The Day the Jungle Tried to Keep Me

So anyone following my blog for a while will know I wrote a post several years ago when I was working in Bali, Indonesia titled “Typical Me”. It was a dramatic saga of how I arrived late for my flight to Australia… a day late, and then I nearly missed it the second go around. I guess I never learn, but this time I had some jungle juju on my side.

Last Saturday was the day I set off to leave the jungle, I bought a flight out of Iquitos to Tarapoto two days prior and from there I would head by bus to the northern coast of Peru. A part of me really didn’t want to leave… and apparently the jungle didn’t want me to go either. I started the day in a way my mother would be proud of, packing very neatly my two packs, and organizing everything I needed for my flight. I even checked in for my flight before I had breakfast. As I was all packed and ready to go I figured I could do one last outing, there was something I really wanted to see before I left. I made plans with a fellow traveler in my room to go to the Mariposaria, the butterfly garden, that doubles as an animal rescue center where they have a rescued jaguar!! My flight was at 4pm, and I was checked in, so I figured I’d leave the hostel at 2:40 and I would be fine, I was told the drive to the airport was 10 minutes. I headed out for the butterfly garden around noon, giving me about 2 hours and I thought I was playing it safe. My friend and I jumped in a mototaxi and headed to the port where there are boats to the garden were located. I figured 15 minutes for the taxi ride then 20 for the boat. I’m golden on time… I foolishly thought to myself, and then the fun began.

I opted for the more economical colectivo boat rather than a private one, and so we sat in the port until they had gathered enough passengers. Shortly after the little motor boat left the port the 10 of us passengers began to realize something was not quite right. Odd sounds were coming from the motor, and the guy steering us had a far from confident look on his face. Several times the motor stopped completely and the capitan fiddled with a few things to start us going at a snail’s pace… until a few minutes later, then it would fail again. Finally after about 3 other colectivos whizzed by us, we started to get a little antsy. Several locals began to grumble, and soon we succeeded in flagging down a passing boat to rescue us from having to paddle the whole way there. That 20 minute boat ride became something more like a 40 minute affair. Finally in the town we had to endure a brutal 15 minute walk in the heat to find the place.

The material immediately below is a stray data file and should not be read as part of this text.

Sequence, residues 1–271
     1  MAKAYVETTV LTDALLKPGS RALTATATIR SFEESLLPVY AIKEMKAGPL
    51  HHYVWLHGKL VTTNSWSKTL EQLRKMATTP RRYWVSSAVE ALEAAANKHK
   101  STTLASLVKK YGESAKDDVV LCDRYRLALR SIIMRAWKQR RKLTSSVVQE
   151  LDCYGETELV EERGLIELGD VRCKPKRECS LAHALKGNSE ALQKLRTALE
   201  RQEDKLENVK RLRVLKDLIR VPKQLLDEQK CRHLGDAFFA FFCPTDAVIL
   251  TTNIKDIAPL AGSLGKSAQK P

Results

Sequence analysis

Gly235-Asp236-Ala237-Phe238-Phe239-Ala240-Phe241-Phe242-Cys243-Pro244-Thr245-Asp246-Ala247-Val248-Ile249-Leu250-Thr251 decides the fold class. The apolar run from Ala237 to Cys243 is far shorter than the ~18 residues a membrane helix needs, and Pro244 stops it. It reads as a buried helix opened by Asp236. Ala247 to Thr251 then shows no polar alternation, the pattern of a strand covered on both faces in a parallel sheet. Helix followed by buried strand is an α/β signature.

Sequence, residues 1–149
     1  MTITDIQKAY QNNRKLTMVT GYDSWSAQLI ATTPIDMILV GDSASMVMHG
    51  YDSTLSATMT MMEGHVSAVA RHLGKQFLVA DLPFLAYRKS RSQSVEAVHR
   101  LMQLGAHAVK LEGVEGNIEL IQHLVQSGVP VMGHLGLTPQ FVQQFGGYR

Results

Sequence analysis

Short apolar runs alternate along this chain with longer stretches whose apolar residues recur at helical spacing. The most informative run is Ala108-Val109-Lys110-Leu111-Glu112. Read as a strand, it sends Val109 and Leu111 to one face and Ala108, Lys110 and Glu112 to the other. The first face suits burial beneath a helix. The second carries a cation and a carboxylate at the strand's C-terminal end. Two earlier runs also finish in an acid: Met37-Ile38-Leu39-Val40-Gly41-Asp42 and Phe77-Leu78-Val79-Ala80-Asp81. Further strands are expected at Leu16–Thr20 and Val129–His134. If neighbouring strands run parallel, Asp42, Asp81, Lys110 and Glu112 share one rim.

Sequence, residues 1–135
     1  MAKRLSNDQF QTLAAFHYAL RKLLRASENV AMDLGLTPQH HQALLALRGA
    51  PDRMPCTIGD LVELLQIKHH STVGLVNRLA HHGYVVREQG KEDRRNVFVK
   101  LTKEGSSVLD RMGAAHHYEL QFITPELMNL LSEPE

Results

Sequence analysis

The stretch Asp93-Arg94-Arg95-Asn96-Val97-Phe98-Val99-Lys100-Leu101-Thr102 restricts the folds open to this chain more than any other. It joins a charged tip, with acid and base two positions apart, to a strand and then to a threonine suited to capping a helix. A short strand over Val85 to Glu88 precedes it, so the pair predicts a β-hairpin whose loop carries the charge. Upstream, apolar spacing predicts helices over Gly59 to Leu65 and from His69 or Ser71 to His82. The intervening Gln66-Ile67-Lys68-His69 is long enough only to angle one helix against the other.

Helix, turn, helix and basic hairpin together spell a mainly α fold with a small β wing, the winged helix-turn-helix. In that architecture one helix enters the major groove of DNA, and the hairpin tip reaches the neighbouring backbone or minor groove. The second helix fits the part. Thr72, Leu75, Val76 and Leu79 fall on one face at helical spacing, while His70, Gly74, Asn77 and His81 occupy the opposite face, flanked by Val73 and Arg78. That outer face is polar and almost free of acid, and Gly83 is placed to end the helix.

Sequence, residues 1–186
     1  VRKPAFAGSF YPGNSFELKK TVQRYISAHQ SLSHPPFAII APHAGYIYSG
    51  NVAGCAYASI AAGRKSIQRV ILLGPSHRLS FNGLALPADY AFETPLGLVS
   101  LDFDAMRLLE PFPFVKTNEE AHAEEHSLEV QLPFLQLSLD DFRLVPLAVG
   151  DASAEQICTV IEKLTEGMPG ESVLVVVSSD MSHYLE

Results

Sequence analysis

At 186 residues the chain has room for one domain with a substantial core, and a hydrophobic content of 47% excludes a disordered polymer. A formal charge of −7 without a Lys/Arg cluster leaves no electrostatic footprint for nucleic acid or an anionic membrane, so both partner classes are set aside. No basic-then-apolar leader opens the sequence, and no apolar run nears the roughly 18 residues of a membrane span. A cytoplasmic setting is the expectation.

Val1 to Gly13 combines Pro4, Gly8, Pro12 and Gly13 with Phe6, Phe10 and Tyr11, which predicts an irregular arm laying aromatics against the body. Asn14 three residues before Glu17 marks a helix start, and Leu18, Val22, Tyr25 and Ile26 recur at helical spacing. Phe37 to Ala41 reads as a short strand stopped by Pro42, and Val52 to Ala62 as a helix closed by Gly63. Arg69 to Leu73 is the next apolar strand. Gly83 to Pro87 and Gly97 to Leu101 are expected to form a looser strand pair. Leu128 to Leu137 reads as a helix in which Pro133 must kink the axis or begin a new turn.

Seeing as my flight was in less than 2 hours, and the tour of the center was 45 minutes, the guide took pity on me and did all the animals first. The animals could not be visited without a guide, mostly due to the less than comforting quality of the fence between you and a full-grown jaguar… Understandable. Only the butterflies could be visited unattended. I was thoroughly enjoying myself (I will do another post with photos of these incredible animals!), and around 2:30 after seeing all the animals my friend looked over at me and said “I really think you ought to go”…. At least one of us was being responsible. I said my goodbyes and swiftly left the park. The first set of boats I came to were the private boats that go directly to the park not the ones a 15 minute walk away at the town port… Of course they wouldn’t take me because I hadn’t come in a private boat. I had to get to the port and fast, now in a slight state of panic, that 15 min walk turn into a very goofy jog only broken by minutes of panting due to the intense heat. When I got to the port there were no passengers, which would mean I would have to wait for 9 more random people to join me… Not happening. I pleaded with a driver saying I had a plane to catch, he took pity on me and offered me a 15 soles private ride. Even in my state of panic I know a scam when I see one, I talked him down to 10 and we were off. I took that time, which seemed to last forever, to say goodbye to the river and the jungle.

As we docked I basically tossed the soles at him and ran! It was now about 3:05, and my flight departs (not boards… Takes off the ground) at 4:05 exactly. I have to navigate my way down a narrow walkway through a flooded barrio made of wooden boards nailed together. They are barely floating above the water, and to either side is the filthy river water where all the houses that are partially flooded dump their waste… All of their waste. Sprinting on a wet wooden plank… Not the most intelligent thing I’ve ever done. Of course I slip, both feet out from under me and I am soaking wet. No other choice but to shake it off, I giggle just to keep from crying and continue. I get to the road and hop in the nearest mototaxi… Still soaking wet. It’s the youngest driver I’ve ever seen, but I am hopeful that means he drives fast…. Wrongo! It seems like every time I get in a taxi here, I just entered a NASCAR race, but when I actually need to be driven like that I get in with the most rule-abiding driver in all of Peru. I explain my urgency several times, each time growing more frantic, he nods as if he understands but continues with his overly cautious driving. When we finally arrive at my hostel to get my bags I have only about 25 minutes until my flight leaves.